Dir.: Terence Davies; Cast: Jack Lowden, Kate Phillips, Peter Capaldi, Gemma Jones, Richard Goulding, Simon Russel Beale, Ben Daniel, Geraldine James, Matthew Tennison, Jeremy Irvine, Tom Blyth, Calam Lynch, Lia Williams, Suzanne Bertish UK/US 2021, 137 min.
Terence Davies’ portrait of poet and soldier Siegfried Sassoon (1886-1967) is an ambitious if rather theatrical undertaking, with sumptuous scenes playing out in a two act drama rather than a flowing feature, and with a fine cast of British actors. Jack Lowden plays the gentle yet acerbic young poet, Peter Capaldi his bitter, disillusioned older self, more a ghost of his younger incarnation. There stilted aesthetic approach that has crept into Davies work of late is in tune the Emily Dickinson bio-pic A Quiet Passion there are also moments of poignancy, particularly in the finale, and the archive footage of the war adds depth and context
The story is elegantly fleshed out: Sassoon’s bravery in the trenches, underlined by the archive material; his protest against the political forces’ prolonging the war unnecessarily, manifesting itself in his “Soldiers’ declaration” of 1917, which could have ended in court martial. Influential friend Robbie Ross (a mellow Russell Beale) saves him from the bitter consequences and Sassoon is sent to a psychiatric unit in Scotland, where understanding Dr. Rivers (Ben Daniel) helps the poet to recover. Sassoon also meets poet Wilfrid Owen (Tennison), the two of them bonding in many ways, in a first coup de gourde.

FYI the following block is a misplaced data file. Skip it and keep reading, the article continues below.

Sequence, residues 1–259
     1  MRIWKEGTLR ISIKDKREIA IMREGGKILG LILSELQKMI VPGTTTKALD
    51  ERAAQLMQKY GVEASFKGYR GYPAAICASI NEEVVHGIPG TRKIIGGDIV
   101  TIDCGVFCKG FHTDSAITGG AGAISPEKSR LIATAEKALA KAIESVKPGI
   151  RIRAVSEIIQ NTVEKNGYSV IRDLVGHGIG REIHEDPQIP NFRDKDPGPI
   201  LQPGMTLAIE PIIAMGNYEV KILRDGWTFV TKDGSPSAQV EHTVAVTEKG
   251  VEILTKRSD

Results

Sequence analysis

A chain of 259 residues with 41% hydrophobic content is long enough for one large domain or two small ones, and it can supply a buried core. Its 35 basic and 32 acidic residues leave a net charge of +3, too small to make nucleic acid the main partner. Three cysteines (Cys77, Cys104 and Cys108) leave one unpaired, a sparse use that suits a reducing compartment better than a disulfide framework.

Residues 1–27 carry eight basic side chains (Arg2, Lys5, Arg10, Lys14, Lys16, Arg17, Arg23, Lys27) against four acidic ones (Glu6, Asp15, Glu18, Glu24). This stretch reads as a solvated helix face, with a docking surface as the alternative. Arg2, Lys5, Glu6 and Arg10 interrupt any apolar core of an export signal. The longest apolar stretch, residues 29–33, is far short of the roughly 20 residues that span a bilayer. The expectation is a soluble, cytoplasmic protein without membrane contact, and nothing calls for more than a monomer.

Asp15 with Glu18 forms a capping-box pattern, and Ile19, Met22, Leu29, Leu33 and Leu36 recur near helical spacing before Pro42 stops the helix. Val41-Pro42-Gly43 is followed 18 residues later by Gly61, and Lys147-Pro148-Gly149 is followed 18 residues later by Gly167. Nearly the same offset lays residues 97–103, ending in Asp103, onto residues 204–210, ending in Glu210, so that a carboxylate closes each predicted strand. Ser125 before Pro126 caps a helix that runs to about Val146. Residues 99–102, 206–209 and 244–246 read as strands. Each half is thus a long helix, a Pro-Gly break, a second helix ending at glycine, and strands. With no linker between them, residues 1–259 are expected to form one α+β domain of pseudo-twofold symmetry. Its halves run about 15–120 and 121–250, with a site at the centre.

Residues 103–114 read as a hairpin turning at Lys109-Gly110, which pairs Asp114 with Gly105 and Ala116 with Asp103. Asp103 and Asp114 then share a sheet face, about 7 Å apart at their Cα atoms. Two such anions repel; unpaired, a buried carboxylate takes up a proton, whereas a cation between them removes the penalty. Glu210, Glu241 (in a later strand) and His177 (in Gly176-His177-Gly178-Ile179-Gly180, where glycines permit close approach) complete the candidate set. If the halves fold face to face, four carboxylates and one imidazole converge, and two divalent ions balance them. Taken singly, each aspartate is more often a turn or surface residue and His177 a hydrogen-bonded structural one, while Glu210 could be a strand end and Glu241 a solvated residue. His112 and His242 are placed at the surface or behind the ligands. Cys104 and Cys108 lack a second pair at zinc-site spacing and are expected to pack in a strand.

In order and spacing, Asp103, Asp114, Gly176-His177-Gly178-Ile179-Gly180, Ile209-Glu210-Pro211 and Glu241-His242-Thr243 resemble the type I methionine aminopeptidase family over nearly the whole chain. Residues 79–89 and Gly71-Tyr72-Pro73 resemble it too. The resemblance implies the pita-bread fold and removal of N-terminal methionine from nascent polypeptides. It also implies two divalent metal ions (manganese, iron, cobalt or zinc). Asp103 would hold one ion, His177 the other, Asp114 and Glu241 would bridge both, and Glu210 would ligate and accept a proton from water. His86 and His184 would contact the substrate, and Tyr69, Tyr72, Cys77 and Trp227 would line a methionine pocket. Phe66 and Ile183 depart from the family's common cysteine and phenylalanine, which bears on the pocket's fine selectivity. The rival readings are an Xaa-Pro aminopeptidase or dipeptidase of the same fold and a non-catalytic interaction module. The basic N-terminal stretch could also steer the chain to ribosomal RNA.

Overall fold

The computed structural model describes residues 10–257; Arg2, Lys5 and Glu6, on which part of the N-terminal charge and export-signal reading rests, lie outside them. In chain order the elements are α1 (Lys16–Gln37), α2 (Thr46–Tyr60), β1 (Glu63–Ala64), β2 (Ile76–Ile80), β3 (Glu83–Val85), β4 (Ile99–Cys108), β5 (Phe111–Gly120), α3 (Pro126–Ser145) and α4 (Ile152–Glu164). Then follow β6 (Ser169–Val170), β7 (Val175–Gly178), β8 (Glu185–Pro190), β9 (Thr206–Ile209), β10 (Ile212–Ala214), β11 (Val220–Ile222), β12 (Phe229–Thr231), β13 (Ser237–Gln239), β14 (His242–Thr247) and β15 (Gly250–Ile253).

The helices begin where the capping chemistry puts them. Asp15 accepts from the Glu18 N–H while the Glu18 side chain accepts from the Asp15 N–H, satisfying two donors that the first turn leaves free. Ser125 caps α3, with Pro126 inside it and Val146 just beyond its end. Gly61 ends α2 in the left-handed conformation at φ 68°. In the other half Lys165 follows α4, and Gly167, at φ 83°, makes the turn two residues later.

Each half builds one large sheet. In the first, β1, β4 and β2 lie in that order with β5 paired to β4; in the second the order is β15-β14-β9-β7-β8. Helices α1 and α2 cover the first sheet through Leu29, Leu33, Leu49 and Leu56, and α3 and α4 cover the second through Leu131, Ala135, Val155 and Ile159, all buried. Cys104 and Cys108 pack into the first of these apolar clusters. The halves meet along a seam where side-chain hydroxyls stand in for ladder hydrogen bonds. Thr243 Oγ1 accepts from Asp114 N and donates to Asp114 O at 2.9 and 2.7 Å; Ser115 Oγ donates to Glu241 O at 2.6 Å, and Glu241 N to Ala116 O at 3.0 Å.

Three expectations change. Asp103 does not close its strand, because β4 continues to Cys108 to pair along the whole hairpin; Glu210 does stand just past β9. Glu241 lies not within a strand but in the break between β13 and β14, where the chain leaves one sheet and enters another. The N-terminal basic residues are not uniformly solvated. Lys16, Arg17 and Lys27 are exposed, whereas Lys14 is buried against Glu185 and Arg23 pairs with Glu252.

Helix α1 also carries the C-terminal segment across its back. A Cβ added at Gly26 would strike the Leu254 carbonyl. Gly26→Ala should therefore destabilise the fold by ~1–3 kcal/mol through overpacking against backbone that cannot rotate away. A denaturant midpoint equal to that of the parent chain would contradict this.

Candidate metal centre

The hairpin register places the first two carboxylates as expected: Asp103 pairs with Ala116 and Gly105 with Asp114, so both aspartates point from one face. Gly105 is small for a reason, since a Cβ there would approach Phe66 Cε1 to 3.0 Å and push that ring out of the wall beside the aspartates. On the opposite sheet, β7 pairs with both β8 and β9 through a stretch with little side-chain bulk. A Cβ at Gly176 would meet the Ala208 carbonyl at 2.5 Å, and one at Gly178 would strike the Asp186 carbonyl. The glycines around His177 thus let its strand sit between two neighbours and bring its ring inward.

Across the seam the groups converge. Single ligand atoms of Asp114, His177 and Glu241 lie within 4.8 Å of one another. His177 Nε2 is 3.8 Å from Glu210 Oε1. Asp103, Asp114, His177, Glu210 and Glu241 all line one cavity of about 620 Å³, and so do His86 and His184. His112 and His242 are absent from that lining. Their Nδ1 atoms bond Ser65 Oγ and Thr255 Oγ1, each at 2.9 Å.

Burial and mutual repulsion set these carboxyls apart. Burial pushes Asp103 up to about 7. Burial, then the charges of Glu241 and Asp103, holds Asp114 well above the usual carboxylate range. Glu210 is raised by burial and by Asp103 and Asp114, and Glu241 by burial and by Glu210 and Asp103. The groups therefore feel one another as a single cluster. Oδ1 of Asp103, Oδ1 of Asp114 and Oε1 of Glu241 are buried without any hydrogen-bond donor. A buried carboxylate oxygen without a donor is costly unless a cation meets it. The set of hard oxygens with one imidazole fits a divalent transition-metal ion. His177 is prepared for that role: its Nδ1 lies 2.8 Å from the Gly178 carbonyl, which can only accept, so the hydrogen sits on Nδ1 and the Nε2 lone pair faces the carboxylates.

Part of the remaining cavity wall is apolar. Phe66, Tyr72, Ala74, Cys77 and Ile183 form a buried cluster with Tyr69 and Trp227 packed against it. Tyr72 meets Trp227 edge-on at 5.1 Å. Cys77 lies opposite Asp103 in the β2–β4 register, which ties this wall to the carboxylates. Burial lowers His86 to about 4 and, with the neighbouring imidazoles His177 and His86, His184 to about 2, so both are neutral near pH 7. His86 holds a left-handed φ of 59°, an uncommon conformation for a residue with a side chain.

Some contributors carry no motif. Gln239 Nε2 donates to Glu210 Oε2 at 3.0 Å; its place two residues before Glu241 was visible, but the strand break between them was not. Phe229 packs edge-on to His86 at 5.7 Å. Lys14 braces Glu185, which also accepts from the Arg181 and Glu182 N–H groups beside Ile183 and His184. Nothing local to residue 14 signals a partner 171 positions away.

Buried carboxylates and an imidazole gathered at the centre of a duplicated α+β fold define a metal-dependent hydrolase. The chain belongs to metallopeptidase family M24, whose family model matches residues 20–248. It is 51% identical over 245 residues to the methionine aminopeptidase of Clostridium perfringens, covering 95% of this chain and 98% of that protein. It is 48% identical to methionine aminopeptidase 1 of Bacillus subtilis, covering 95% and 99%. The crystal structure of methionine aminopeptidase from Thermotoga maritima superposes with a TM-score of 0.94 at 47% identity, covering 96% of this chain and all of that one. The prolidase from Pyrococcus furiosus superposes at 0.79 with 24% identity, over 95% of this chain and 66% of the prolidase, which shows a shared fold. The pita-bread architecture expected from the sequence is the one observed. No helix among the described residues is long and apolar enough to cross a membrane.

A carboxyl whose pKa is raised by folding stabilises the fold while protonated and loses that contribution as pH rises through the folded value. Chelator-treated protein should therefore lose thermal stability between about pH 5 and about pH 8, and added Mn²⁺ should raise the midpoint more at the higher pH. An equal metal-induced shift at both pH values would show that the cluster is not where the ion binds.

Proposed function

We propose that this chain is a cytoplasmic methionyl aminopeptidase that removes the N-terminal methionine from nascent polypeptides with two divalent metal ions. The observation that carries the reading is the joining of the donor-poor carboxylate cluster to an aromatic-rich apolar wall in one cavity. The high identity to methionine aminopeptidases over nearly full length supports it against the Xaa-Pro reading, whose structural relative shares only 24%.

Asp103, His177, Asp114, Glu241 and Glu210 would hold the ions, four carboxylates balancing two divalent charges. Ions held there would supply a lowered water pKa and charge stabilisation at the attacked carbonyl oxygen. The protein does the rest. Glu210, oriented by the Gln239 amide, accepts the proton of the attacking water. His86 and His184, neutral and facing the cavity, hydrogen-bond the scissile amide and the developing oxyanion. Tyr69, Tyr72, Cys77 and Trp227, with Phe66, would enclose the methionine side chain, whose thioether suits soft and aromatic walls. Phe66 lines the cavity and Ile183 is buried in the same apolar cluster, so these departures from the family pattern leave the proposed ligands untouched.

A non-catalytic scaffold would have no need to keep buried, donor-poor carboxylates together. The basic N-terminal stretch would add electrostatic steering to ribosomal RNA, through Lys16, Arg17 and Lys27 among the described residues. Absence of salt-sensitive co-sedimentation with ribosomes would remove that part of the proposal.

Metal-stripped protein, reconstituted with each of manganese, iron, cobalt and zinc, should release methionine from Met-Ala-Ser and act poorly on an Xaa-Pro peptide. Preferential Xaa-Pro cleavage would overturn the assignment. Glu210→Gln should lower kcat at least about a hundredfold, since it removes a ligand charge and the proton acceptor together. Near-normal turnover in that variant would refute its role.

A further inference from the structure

Back at the front, Sassoon is wounded again, and decorated for bravery. London after the Great War is shown in all its decadence, with cameo appearances by Suzanne Bertish as Lady Ottoline Morell, and Lia Williams’ Edith Sitwell (hilarious and one of the highlights). But the main scenes belong to the men in Sassoon’s life: the cruel and sneering Ivor Novello (Irvine), and other overly narcissistic friends, Stephen Tenant (Lynch) and Glen Byam Shaw (Blyth). And there is Sassoon’s wife Hester Gatty (Phillips), who “has to redeem his life for him” – which is a bit much to ask.
The break into the late 1940s is radical and supported by a lighting change: instead of colourful glitter there is melancholy gloom and the introduction of grown-up son George (Goulding) and the end of the marriage with a mature Hester (Jones), their relationship having broken down years earlier due to age and sexuality incompatibility. Benediction ends on a sombre note with Sassoon converting to Catholicism and a beautiful reading of Wilfred Owen’s “Disabled”.
Bon mots rule – particularly in the 1920s. But somehow the later scenes needed a less glib approach, with a remark about Sassoon’s conversion feeling tasteless: “You can get permanence from dressage, without the guilt”. Geraldine James’ long suffering mother is underused, her relationship with Siegfried never explained, even though she was one of the keys to his troubled existence
DoP Nicola Daley’s camerawork offers a lively first half, when her images re-creating the bohemian atmosphere of the British version of the roaring Twenties. The gloom and doom which follows gives her little room to express herself. Jack Lowden is very convincing – whilst Capaldi is lost with a mono-script which sometimes degenerates into parody. The overly didactic elements of part two will never coalesce with what has gone before. Sassoon, like many of his generation, suffered a sad and thwarted life and Benediction serves as a tribute to the millions that literally lost their lives and their potential, the dead and the living alike. AS
NOW ON RELEASE IN UK AND IRISH CINEMAS FROM 20 MAY 2022 |REVIEWED AT VIENNALE | 21 OCTOBER to 30 0CT0BER 2021 | a retrospective tribute to Terence Davies entitled CAPTURING TIME IN IMAGES AND WORDS